1973 Dodge Charger Desirable SuperBee Tribute

Price: US $25,000.00 Item location: Pompano Beach, Florida, United States
  • Condition: Used
  • Make: Dodge
  • Model: Charger
  • SubModel: Coronet
  • Type: Coupe
  • Trim: SuperBee
  • Year: 1973
  • Mileage: 0
  • VIN: WH23M3A105910
  • Color: Yellow
  • Engine size: 400 Magnum Super-Charged
  • Number of cylinders: 8
  • Power options: Air Conditioning
  • Fuel: Gasoline
  • Transmission: Automatic
  • Drive type: RWD
  • Interior color: Black/wood
  • Options: CD Player, Leather Seats
  • Vehicle Title: Clear
  • Want to buy? Contact seller!

1973 Dodge Charger Coronet

Selling 1973 DODGE CORONET CHARGER SUPER-BEE TRIBUTE , with recently rebuilt Mopar 400 Magnum ci 6.6LTS and transmission, with center console racing automatic-shift, MDS powerpack, Paxton super charger, new GT steering wheel racing model grip, cables, power brakes pump Hydro-vac, OEM rims, tires a good, B&M headers and oil pan, chrome all around engine, factory A/C car missing some components, new gas tank, fuel pump, etc, etc daily driver, new aluminum radiator and electro-fans, interior super clean and OEM, everything works, lights and all flow master exhaust, too many things to enumerate, this car runs flawlessly and drives smooth this's a head turner and has the header exhaust automatic switch for real badass engine roaring or the normal if you like it quiet all with electric control, has bucket seats all OEM, new super-bee logo mats, new CD stereo with still OEM dash radio (disconnected). Over 20K invested in this beast, so make it yours for a fraction of the market price.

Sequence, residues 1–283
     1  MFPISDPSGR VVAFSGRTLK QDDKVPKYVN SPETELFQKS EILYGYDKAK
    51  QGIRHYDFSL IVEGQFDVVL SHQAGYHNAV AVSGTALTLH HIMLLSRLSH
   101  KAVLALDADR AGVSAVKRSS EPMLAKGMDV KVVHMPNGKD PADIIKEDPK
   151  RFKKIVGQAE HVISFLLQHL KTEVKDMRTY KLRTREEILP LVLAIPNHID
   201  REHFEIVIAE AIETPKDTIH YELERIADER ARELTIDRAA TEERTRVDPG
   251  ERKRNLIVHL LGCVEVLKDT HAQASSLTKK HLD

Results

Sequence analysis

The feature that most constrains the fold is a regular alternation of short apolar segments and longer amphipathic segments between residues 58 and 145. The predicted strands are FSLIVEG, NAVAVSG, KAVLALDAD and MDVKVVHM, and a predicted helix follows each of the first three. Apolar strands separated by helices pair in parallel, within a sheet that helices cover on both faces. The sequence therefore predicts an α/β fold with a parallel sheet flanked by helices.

• Yellow/black combination
  • 1973 (YC code) Mopar 400cc. 6.7 V8 Magnum Cylinder Engine, has Paxton super charger
  • Hydro-matic Automatic and brand new transmission
  • Rare Yellow on Black color combinatio
  • Reportedly stored for 1 year
  • 1972-73: 400in³ (6.6L) Big-Block V8, 320 HP (4,800rpm,410ft-lbs torque 3,200 rpm) plus supercharger 25% more HP around 400 HP MOPAR power

Here is the brief History of this breed:

The original Dodge Super Bee was based on the Dodge Coronet two-door coupe, and was produced from 1968 until 1970.[5] It was Dodge's low-priced powerful muscle car and a rebadged version of the Plymouth Road Runner. The origin of the name, "Super Bee", has its basis in the "B" Body designation pertinent to Chrysler's mid-sized cars, including the Road Runner and Charger.[6]

Plymouth's Road Runner sales were enough to have Dodge Division General Manager, Robert McCurry, request a similar model from the Dodge Styling office. Senior designer, Harvey J. Winn, won a "contest" with the name "Super Bee" and a new logo design based on the Dodge "Scat Pack" Bee medallion.[7] The design of the first Super Bee was influenced by the 1968 Coronet convertible and the show car's interior was built by the Alexander Brothers. The show car was introduced at the 1968 Detroit Auto Show.[8]

Although the two cars are similar in external appearance, the Super Bee was slightly heavier (approx. 65lb (29kg)) and rode on a 117-inch (3,000mm) wheelbase compared to the Road Runner's 116in (290cm) wheelbase.[9][10] In addition to minor external differences, such as larger rear wheel openings, the bumblebee tailstripe and fancier grille, and the taillight ornamentation, the Super Bee also used actual diecast chrome-plated "Bee" medallions. These three-dimensional medallions were prominently mounted in a raised position in the grille/hood area and the trunklid/taillight area of the car throughout the first three years of production.[11]

The Super Bee used dash cluster from the Dodge Charger, while the four-speed manual cars received a Hurst Competition-Plus shifter with Hurst linkage;[6] this shifter compared to the Road Runner's less expensive Inland shifter and linkage.[12] Due to the higher-quality accessories attached to the Super Bee, the car was sold at a higher price in comparison to the Plymouth version and this had a negative effect on sales.[6]